• The story is starting to lose a lot of steam because it remains so vague. I get the general concept of what is happening, but we are dealing with a lot of absolutes and big pictures yet. I want a more focused and driven approach.
• There are a lot of artists that worked on this issue and, honestly, I’m not even sure where most of them appear here. The vast majority of the issue is clearly drawn by Michael Broussard, with bits here and there drawn by the others. It’s cool to introduce all of these artists to new readers, but it never really comes together.
• I feel like this is an all-or-nothing concept. Either there is enough of the other artists to make the distinctions clear (think Elephantmen #25 or Superman/Batman #25) or you stick with one artist. The bits-and-pieces approach only serves to make the more notable shifts very jarring.
• The art seems more focused on the “pay off” than on the storytelling. There are a lot of big action panels and semi-splashes that make great pin-ups, but don’t really work towards telling the story at all.
Verdict: Check It. Artifacts #3 is a weird beast. In some ways, the flurry of character introductions puts you in information overload, but on the flipside, the lack of story movement makes you wish there were more meat in the issue. This draws and interesting parallel with the absurd number of artists who touch this issue, but don’t seem to touch it enough. I’m intrigued by where the story is going and I want to know more about the characters we are introduced to here, but I need something more than what we are getting here. This issue is on the right track, it’s just not going anywhere yet.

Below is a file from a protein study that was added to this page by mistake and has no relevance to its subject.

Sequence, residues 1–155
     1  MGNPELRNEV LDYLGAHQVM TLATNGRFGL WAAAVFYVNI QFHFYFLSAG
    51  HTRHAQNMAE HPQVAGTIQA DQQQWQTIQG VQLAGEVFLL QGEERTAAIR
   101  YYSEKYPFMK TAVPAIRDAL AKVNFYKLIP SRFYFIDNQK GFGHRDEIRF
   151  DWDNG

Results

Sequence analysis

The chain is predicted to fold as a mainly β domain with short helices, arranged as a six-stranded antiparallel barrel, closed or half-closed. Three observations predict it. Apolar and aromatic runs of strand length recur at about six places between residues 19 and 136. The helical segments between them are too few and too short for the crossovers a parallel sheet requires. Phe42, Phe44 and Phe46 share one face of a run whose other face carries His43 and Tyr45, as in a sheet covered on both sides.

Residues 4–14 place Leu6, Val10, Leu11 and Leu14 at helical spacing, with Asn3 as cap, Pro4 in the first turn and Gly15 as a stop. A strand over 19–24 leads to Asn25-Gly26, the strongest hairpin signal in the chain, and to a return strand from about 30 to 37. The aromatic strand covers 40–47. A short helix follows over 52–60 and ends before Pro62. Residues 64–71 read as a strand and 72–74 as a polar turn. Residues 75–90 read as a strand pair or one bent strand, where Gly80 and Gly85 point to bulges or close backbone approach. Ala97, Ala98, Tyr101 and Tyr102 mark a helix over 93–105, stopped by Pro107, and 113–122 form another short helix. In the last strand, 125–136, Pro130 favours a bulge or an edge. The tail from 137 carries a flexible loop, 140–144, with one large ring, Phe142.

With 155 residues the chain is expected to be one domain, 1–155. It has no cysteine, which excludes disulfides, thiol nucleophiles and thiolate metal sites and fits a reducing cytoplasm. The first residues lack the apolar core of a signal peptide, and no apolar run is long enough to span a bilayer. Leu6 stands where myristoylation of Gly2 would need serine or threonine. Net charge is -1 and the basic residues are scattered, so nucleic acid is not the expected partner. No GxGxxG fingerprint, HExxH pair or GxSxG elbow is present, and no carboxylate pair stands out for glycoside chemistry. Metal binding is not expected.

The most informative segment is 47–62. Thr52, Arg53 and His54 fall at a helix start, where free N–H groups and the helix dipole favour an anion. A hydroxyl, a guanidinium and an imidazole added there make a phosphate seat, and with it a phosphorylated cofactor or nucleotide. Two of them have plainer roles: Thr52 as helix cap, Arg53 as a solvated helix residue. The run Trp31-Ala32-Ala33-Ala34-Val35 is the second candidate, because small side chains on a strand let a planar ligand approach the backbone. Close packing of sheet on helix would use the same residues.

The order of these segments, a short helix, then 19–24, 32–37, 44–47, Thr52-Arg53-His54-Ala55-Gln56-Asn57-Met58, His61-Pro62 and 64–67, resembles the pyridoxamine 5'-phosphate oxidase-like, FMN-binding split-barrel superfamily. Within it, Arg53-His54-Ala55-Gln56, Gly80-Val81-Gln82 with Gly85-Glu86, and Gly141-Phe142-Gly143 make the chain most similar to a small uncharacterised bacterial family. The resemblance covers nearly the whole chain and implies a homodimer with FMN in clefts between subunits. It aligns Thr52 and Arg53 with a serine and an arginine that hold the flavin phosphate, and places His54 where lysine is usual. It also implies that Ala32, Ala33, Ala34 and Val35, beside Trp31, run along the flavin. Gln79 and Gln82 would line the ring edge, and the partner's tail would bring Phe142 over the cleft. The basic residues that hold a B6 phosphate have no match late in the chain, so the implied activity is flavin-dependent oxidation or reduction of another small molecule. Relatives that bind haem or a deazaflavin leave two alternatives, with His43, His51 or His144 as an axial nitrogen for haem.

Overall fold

Written by Paul Levitz
Lead Art by Yildiray Cinar, Wayne Faucher, and Hi-Fi
Backup Art by Francis Portela and Hi-Fi
Letters by Sal Cipriano
Cover by Yildiray Cinar, Wayne Faucher, and Hi-Fi
• The lead story of this week’s Legion of Super-Heroes finds the United Planets under attack from angry shape-shifting Durlans while Earth-Man still can’t seem to play nice with his fellow Legionnaires.